[NetBehaviour] Wittgenstein TLP 4.112
sondheim at panix.com
Thu Jan 13 19:39:56 UTC 2022
There are three translations we have here of TLP and they all agree on
that phrasing; what you describe is also at the end of the book, 7, what
we can't talk about we must consign to silence - which is about the only
thing people mention when the discuss the book today. But it references
deeper roots all through the book which is highly constructed, not to lead
there, but to lead towards ways of describing the world, which is also
that is the case in the beginning of the text. It's not a turning towards
mysticism or silent philosophy, as all his later work showed of course -
the later work reflecting a kind of idle conversation that was anything
but. It's interesting that Karl Kraus knew of TLP and read it; I think
they might have known each other in fact, and Kraus in other ways had
exactly the same precision.
Best, Alan and thank you!
On Thu, 13 Jan 2022, Paul Hertz via NetBehaviour wrote:
> Date: Thu, 13 Jan 2022 11:11:14 -0600
> From: Paul Hertz via NetBehaviour <netbehaviour at lists.netbehaviour.org>
> To: NetBehaviour for networked distributed creativity
> <netbehaviour at lists.netbehaviour.org>
> Cc: Paul Hertz <ignotus at gmail.com>
> Subject: Re: [NetBehaviour] Wittgenstein TLP 4.112
> T?tigkeit <activity>
> Tatsache <fact>
> Take them apart and a fact is an act-thing, Tat+sache. T?tigkeit seems not so
> much an "activity" as a state (-keit) of acting, but that would be a clumsy
> translation. At least, as I recall from my later studies of a language my
> parents tried to teach me.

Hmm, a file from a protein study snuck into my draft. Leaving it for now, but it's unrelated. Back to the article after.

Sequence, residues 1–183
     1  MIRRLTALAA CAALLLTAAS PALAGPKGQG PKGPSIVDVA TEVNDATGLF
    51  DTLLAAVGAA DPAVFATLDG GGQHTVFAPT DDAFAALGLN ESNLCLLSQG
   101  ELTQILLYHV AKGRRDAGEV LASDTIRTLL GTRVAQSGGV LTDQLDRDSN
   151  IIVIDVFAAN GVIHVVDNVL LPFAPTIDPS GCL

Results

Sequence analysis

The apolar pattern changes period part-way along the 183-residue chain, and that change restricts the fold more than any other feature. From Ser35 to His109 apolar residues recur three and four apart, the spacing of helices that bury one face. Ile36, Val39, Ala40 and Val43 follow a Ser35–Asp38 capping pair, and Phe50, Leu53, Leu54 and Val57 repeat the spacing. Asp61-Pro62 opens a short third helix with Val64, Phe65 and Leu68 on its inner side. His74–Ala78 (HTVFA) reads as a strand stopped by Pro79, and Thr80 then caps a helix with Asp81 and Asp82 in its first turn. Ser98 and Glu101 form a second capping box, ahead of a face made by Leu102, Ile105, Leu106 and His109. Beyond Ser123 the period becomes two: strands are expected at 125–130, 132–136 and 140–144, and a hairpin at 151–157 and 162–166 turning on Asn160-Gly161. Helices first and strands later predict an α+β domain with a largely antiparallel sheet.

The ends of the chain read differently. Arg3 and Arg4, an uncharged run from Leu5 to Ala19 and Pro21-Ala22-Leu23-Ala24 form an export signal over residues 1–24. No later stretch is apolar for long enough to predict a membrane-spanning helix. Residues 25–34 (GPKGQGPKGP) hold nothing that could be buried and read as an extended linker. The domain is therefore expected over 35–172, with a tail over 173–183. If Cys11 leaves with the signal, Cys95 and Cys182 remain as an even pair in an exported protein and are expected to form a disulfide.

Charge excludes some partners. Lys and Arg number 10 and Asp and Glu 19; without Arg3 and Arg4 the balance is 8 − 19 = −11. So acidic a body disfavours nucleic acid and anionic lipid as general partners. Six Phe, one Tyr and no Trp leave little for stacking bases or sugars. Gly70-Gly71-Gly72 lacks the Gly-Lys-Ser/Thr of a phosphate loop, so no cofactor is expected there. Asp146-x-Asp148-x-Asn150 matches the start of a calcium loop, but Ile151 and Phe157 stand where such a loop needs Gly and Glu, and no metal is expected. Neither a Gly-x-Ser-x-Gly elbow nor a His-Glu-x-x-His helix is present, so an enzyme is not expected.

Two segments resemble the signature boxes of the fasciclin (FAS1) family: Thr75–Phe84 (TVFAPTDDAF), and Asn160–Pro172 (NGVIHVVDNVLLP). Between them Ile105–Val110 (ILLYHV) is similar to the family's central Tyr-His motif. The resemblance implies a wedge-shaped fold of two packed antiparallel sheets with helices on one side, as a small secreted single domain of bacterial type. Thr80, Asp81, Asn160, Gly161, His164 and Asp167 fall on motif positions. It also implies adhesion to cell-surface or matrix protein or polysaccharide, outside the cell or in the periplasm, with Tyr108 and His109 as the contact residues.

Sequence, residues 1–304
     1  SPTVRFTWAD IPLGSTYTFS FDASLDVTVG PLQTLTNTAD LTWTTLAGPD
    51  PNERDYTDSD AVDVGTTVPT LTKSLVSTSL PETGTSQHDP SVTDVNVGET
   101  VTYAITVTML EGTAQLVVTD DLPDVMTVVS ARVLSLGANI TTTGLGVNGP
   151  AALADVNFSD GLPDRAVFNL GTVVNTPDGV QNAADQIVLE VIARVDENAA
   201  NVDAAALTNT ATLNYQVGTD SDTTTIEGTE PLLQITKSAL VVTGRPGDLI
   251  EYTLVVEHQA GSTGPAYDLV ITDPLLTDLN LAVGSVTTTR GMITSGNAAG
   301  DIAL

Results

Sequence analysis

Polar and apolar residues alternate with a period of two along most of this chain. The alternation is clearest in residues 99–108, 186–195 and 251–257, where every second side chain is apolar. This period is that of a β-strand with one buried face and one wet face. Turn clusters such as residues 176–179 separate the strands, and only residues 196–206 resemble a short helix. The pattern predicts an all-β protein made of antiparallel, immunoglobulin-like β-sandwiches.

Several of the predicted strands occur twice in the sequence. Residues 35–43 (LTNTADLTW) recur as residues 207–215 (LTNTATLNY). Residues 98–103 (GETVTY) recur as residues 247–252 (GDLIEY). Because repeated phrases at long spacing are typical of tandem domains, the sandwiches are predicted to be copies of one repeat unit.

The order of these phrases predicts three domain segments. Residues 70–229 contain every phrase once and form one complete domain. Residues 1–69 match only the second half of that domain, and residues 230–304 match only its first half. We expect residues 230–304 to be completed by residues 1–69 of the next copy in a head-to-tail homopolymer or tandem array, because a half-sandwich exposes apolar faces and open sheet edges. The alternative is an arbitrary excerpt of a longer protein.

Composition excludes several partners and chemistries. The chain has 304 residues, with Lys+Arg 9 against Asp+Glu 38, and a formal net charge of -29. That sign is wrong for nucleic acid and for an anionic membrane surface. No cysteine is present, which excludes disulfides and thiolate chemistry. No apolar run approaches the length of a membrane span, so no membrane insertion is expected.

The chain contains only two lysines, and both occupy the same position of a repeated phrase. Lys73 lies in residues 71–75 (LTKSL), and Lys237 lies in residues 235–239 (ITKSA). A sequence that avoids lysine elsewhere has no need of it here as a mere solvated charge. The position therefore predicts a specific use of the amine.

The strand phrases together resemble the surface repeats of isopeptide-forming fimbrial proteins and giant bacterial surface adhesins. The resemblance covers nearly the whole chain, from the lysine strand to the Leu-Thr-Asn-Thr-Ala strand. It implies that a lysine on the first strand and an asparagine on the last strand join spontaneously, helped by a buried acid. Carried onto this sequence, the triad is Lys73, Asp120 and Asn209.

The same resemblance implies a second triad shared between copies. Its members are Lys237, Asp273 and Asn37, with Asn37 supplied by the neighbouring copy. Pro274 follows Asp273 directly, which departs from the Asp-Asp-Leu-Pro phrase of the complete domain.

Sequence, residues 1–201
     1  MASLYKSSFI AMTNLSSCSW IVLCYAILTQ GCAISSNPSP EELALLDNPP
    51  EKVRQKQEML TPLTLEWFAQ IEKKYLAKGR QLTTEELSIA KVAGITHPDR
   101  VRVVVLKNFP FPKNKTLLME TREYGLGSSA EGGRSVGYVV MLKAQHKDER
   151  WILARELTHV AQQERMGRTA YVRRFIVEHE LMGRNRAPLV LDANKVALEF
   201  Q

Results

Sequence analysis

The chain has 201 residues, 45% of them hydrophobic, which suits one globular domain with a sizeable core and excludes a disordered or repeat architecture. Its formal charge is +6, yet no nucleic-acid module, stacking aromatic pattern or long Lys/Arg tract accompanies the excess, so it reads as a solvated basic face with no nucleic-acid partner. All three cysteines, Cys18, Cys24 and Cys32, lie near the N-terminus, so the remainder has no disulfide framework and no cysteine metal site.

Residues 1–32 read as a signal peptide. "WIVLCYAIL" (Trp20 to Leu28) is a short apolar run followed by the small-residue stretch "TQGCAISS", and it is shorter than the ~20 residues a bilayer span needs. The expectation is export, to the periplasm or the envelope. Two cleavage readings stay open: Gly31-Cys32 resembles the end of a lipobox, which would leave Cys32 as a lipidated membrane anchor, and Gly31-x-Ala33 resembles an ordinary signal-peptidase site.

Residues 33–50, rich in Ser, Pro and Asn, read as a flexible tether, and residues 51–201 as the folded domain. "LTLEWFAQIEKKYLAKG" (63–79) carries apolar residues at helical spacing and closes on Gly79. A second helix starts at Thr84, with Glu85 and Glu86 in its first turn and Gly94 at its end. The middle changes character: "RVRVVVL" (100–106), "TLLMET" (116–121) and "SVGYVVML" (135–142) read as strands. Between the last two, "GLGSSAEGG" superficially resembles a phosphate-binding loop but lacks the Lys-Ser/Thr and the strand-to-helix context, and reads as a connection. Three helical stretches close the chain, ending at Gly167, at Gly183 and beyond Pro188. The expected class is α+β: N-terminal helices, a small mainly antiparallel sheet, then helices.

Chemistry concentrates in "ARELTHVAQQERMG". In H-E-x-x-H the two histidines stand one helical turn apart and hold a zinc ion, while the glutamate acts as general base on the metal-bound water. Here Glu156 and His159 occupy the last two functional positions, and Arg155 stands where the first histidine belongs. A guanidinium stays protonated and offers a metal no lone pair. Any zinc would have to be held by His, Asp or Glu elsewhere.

> There's a lapidary phrase of Jos? Maria Valverde, the noted Spanish poet,
> literary critic, and historian of philosophy, found in his Vida y muerte de
> las ideas: peque?as historias del pensamiento (Life and death of Ideas: little
> stories of thought), on the inextricable bond of philosophy and language:
> "De la filosof?a sin palabras, ni hablar!", Let's not even talk about
> philosophy without words! "Ni hablar" has a vernacular ring about it, and
> I've always wondered if lurking in the humor of the phrase there was
> precisely an invitation to indulge in philosophy without words but never,
> never to speak of it -- for one can't.
> // Paul
> On Thu, Jan 13, 2022 at 12:11 AM Alan Sondheim <sondheim at panix.com> wrote:
> Wittgenstein TLP 4.112
> Wittgenstein TLP 4.112
> 2nd sentence:
> Die Philosophie ist keine Lehre, sondern eine Tatigkeit.
> Pears McGuinnis translation:
> Philosophy is not a body of doctrine but an activity.
> Ogden Translation:
> Philosophy is not a theory but an activity.
> The Prototractatus follows Pears Mcguinnis, but in the German
> the comma after Lehre is eliminated. The Prototractatus also
> gives the number 4.10015.
> I cannot reproduce the Umlaut in Tatigkeit.
> Clearly both emendation / revision and translation are
> activities. To that extent the descriptive bones of philosophy
> are at best a carapace or fuzzy logic surrounding a core or
> body. The body is the physical body, the body of text, the
> world body of content flow, the interiority of thought
> involved in original text, revision, translation and release.
> The famous 7, What we cannot speak about we must pass over in
> silence, perhaps begs the issue that passing over is also such
> an interiority as well, that silence is always already
> relative, and passing over is indicative of a movement or flux
> among unknown problematic continents, that this 'about' is not
> a null or zero point of meditation, but perhaps or equally as
> well something in-there out-there equally populated, equally
> Which may also lead back to the Sheffer stroke and its dual,
> both of which might be considered as dynamic processes of
> In which case the refugee is what constitutes the world; the
> world of the refugee is our world, a deconstructed fundamental
> of existing, within and without the problematic of existence.
> (One might go as far as saying, on a dubious basis, that
> refugee = or -> ontology, always already a problem, that grace
> is becoming, grace, more than suture, the potential of
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